If you’re in any doubt about the quality of what you’re coming up with, take a deep breath and ask someone to listen. Nine times out of ten you’re likely either psyching yourself out or you’re just fatigued from hearing it too many times. Give your music room to breathe and get a second opinion before you bin it, you’d be amazed what a little bit of positive feedback will do for your perception.
Now we said in the last tip that not every song needs to have a great riff but the other side of the coin is that every song DOES need a great melody. That doesn’t mean you have to write Bohemian Rhapsody, in fact, a lack of melody can sometimes be a melody! Bands like Blink 182 were not the most insightful lyricists when they started out, (unless Mum jokes float your boat that is), but they always had a fantastic grasp of melodies, counter melodies and the relationship between both singers' voices.
This is a skill that comes with time. The more you write, the more you’ll experiment and the more exciting your ideas will become. Practice is absolutely key here but so is confidence. If you're a vocalist, push yourself to explore melodies that don’t just simply follow your guitar playing. You’ll quickly realise that the variation between the two is what makes your song unique and special.
If you don’t sing but you’re writing for a vocalist then consider how their voice will fit in to your playing. Remember, it’s not always about how fancy your music is, or how many notes you can hit. As hard as this may be to hear, the majority of music listeners don’t even care! They just want to hear something that’s clever, well composed and well thought out. The makings of any great track!
Okay, we’re here. The final hurdle. Lyrics are often a stumbling block for those of us who want to write and record our own tunes. It’s not easy to bear your soul to the world and it’s actually very difficult to do it in a meaningful musical way that people can relate to. Writers often put so much pressure on themselves that they end up giving up and truthfully, it’s such a waste.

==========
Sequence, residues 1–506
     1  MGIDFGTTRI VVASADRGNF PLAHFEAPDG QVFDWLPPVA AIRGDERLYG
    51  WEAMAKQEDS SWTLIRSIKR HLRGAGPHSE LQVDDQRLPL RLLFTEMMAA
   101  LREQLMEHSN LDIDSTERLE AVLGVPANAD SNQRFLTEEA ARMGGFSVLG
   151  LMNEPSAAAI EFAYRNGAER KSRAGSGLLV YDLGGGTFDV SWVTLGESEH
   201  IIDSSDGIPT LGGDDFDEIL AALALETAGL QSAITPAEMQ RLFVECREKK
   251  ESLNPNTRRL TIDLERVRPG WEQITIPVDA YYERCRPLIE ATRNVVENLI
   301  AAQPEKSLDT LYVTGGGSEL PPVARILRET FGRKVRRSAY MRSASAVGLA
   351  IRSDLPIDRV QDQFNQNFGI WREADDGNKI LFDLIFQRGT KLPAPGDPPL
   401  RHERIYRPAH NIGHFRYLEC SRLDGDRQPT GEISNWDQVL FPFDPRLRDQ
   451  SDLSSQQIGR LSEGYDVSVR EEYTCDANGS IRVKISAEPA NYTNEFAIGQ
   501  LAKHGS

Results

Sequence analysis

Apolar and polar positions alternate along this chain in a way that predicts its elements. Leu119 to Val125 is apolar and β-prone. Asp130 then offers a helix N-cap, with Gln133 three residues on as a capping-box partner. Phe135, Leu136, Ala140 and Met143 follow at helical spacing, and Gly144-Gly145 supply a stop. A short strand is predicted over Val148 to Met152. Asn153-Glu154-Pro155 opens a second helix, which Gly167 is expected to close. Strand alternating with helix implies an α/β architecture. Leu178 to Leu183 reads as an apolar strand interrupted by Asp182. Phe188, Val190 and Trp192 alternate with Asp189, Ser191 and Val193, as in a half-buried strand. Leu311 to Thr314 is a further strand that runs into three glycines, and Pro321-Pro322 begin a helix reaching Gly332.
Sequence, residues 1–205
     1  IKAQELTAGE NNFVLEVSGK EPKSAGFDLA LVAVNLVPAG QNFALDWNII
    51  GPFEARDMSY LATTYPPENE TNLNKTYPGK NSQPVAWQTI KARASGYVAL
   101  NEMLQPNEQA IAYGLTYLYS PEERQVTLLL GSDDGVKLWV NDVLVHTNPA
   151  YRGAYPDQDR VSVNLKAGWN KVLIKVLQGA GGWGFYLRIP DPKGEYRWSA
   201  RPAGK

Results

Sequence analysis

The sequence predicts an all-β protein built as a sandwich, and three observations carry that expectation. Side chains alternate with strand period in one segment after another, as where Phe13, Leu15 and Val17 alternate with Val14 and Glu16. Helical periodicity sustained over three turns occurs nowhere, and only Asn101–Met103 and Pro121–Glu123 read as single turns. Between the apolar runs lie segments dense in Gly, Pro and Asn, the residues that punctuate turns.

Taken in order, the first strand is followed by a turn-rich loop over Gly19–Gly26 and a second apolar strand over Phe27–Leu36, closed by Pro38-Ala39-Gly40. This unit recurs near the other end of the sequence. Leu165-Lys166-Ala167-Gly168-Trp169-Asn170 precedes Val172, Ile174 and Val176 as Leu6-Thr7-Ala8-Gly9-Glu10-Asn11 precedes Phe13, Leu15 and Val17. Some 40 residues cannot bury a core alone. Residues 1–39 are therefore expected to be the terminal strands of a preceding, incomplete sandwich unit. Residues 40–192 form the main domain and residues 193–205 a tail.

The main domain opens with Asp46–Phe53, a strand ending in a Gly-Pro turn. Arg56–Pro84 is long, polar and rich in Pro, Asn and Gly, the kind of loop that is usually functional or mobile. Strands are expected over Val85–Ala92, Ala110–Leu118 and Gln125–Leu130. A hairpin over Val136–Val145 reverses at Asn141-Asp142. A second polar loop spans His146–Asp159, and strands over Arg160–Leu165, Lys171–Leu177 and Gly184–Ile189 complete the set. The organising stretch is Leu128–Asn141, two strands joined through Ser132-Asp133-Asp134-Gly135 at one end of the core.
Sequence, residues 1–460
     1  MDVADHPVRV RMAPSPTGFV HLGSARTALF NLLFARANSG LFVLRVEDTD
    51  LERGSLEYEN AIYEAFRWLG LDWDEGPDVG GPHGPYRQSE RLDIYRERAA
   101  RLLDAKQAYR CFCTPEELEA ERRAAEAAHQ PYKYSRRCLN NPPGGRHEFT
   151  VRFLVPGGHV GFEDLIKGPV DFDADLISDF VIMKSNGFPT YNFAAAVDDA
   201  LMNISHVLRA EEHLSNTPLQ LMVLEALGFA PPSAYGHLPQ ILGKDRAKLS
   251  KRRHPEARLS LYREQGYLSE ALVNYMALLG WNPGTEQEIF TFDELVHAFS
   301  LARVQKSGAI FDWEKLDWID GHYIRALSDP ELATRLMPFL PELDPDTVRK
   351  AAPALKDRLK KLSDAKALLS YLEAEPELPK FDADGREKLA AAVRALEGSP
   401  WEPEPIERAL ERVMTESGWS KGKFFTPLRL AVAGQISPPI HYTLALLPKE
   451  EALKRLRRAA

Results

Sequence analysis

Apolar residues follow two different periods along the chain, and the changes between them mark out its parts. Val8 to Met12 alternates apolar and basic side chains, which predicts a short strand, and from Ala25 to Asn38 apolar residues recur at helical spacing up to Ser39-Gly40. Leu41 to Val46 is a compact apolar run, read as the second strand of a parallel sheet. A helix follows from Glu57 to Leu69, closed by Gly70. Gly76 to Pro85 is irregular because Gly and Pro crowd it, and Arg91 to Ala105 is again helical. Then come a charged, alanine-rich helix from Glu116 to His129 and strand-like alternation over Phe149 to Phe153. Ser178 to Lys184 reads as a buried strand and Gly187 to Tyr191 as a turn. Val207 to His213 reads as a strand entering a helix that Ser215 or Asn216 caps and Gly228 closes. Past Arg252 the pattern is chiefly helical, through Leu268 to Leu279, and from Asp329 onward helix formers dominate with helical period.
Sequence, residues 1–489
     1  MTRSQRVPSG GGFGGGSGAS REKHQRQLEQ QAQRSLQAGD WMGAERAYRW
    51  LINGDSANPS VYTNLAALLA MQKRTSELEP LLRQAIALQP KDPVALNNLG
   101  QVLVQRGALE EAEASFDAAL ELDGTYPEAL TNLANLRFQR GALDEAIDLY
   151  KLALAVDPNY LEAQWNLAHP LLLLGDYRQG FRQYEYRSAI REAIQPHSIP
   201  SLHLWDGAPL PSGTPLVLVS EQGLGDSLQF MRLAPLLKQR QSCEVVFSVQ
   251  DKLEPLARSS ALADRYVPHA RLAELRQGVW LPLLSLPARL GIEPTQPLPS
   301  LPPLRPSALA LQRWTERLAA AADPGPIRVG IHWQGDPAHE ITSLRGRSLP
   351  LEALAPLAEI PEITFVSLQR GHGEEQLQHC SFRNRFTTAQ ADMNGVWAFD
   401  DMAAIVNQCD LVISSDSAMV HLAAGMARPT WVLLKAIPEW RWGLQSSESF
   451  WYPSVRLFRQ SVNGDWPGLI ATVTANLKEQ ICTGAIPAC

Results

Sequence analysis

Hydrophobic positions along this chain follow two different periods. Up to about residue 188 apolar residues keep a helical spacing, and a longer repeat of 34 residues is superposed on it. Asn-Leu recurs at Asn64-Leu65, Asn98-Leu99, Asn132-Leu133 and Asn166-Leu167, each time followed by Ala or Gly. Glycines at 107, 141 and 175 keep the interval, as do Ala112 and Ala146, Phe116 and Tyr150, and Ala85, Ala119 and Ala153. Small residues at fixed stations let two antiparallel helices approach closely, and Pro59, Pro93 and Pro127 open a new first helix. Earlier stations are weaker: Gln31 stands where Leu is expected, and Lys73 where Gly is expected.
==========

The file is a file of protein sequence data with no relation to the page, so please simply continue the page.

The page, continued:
Going back to what we said about the technical elements of writing - most of your listeners probably don’t need you to write an insanely complex song that breaks all boundaries. Instead, they want honesty that they can relate to and sing along with.
Study the lyrics of your favourite tracks and importantly, read them without the backing music, or without melody. Isn’t it amazing how much of the magic is stripped away? Doesn’t that make writing your own less of an impossible task?
What makes a good lyric is totally open to interpretation. The only difference between what you write and what your favourite artists write is context. They’ve sold music that you’ve heard fans at shows singing along to. That’s it.
This is probably the part of songwriting which requires the most courage and confidence but we promise, the more you write, the more you’ll improve, find your own tricks and build a style. Every lyric you write won’t be a keeper but the same is true of every single songwriter. Noone hits a home run every time when it comes to music and you’re still learning, so go easy on yourself and be patient. If you think you’ve got something, don’t be afraid to let someone else get ears on it and give you some encouragement - it’ll help, trust us!
Got that? Good, now go forth and rock! As cliched as it sounds, practice is everything and the more comfortable you become with your own songwriting process, the more you’re going to notice your music improving. If there’s one final piece of advice we could give you it’d be that all great things take time, the important thing is that you put the work in. If you’re doing that, you’ve already conquered step one!